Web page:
To this day, Tucker's baritone is a marvel -- swooping, gliding, roaring, whispering, unraveling strings of notes like so many pearls. As a songwriter, too, he excels: "Who has the power to change winter to spring? / Tell me who wrote the lyrics for the robins to sing? / Oh, who can count the apples that will grow from just one seed? / Just as sure as you're born, it's God on His throne / He watches out for you and me."
Senior member Ira Tucker, third from left, of the veteran Dixie Hummingbirds gospel quintet, is one of the most influential singers in all of black music. The current lineup includes, from left, William Bright, James Williams, Tucker, Lyndon Baines Jones and Frank Frierson.
The Dixie Hummingbirds were formed in 1928 in Greenville, S.C. -- a hotbed of sacred and secular quartet singing, as were Tucker's nearby hometown, Spartanburg, and other Southeastern cities. All had their particular styles and well-known groups, plus blues and country singers, and young Tucker absorbed it all.
Instruments did not customarily accompany the quartets until the '40s, so for years everything -- melody, harmony, rhythm, foreground, background, call and response -- had to be conveyed by voice. The versatility and power that were required are still in the Birds' music.
If you have ever heard Paul Simon's 1973 hit "Loves Me Like a Rock," you have heard the Birds, and Tucker's arranging style. Sophisticated, rhythmic and sometimes bluesy or jazzy, it reflects his varied musical upbringing and his openness to contemporary flavors. One song that might be performed Sunday is Depeche Mode's "Personal Jesus." Tucker told the Star-Bulletin he has "changed a few phrases" and recorded it for an upcoming album.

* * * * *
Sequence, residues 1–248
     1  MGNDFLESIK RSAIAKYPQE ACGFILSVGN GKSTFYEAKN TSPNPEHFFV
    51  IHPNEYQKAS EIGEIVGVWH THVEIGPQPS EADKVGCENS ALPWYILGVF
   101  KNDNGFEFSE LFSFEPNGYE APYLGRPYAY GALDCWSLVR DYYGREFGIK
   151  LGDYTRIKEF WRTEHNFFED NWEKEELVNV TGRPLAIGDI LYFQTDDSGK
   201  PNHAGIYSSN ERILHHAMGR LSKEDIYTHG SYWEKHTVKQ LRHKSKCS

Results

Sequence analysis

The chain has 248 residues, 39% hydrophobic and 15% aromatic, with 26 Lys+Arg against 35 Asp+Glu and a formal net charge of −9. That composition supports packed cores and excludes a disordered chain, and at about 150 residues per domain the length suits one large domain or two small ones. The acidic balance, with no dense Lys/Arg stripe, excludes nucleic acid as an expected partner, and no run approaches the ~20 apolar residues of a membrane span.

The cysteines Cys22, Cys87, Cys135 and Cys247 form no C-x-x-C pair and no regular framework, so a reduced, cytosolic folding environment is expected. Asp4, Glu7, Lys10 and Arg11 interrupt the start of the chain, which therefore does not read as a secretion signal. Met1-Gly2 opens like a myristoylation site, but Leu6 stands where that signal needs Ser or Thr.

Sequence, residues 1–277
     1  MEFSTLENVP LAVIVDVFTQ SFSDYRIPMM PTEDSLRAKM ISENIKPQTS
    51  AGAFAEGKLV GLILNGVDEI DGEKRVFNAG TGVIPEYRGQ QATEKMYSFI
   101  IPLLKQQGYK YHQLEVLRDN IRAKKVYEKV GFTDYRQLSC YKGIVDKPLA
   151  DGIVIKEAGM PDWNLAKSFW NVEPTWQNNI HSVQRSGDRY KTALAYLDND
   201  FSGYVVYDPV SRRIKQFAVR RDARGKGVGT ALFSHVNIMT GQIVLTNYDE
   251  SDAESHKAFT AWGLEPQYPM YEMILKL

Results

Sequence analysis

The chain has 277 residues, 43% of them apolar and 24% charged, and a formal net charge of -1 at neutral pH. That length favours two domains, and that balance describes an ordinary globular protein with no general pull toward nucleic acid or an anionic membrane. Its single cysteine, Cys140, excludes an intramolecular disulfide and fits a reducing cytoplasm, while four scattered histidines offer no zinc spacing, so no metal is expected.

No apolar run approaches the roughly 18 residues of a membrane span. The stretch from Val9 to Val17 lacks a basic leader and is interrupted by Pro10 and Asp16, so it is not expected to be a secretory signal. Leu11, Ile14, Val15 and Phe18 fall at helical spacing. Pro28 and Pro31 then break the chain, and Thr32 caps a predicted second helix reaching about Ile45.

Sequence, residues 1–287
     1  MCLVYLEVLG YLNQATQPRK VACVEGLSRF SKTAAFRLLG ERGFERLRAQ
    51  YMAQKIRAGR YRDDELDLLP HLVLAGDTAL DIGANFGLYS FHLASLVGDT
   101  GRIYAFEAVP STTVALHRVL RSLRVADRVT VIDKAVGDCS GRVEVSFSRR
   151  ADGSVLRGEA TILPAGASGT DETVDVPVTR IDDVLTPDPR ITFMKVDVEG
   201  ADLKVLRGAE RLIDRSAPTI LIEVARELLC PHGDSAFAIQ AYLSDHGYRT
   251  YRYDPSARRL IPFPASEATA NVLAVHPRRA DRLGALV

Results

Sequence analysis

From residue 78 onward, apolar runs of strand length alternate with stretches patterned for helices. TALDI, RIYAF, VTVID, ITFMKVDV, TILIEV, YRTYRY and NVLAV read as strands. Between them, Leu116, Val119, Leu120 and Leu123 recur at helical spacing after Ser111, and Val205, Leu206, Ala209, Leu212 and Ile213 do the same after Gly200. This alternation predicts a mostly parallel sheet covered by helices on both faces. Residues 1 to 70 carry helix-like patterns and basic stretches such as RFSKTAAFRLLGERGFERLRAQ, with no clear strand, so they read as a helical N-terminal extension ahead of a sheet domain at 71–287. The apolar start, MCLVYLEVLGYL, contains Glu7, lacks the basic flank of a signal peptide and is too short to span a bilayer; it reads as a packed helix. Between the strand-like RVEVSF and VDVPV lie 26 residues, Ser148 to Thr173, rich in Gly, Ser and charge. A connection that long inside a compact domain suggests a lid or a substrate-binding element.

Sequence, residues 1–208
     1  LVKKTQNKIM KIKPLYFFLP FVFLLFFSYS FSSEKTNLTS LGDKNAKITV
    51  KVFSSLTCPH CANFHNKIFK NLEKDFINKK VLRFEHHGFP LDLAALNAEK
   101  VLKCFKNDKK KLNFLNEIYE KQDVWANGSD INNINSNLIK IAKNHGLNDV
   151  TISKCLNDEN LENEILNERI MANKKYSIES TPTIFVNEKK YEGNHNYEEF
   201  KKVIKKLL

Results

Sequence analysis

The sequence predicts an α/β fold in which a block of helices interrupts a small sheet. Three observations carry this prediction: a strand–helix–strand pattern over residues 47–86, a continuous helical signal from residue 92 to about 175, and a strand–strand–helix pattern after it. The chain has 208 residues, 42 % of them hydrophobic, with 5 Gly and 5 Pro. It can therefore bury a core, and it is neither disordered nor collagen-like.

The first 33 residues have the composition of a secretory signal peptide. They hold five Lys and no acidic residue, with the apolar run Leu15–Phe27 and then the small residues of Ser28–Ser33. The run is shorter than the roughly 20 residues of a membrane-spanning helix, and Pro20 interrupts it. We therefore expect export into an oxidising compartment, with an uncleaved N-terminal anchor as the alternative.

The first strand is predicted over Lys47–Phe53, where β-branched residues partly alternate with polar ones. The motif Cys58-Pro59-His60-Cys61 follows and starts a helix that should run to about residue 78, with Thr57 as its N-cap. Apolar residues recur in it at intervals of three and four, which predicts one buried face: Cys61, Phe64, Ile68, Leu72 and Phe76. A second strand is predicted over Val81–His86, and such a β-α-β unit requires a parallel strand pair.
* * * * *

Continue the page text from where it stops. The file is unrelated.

Rounding out the Birds' personnel are William Bright, John Huff, Lyndon Baines Jones (also their guitarist), Cornell McKnight, Abraham Rice and drummer Toray Nettles.
If you would like to check out a CD or two before the concert, "The Best of the Dixie Hummingbirds" has several masterpieces from the '50s, such as Christian Automobile" ("Prayer is your driver's lights and faith is the steering wheel") and Tucker's virtuoso rave-up "In the Morning." On Thomas A. Dorsey's "Precious Lord," an early-'70s classic, "Hide Me in Thy Bosom" shows where soul harmony groups like the Temptations and Take 6 came from.
"Diamond Jubilation," from 2003, with Dr. John, members of Bob Dylan's group, and Garth Hudson and Levon Helm of the Band, has brought them renewed acclaim -- but in this music, one answers to a higher critic.
Any recording, though, pales compared with hearing the group in person. As Tucker says in "The Gospel Sound": "I'm a firm believer in giving people something for their money. Talent. A variety -- fast, slow, something sad, something with a lot of laughs."
And if you think you might not belong, remember: You don't have to be black and Christian to enjoy gospel, any more than you have to be dead and German to dig Beethoven.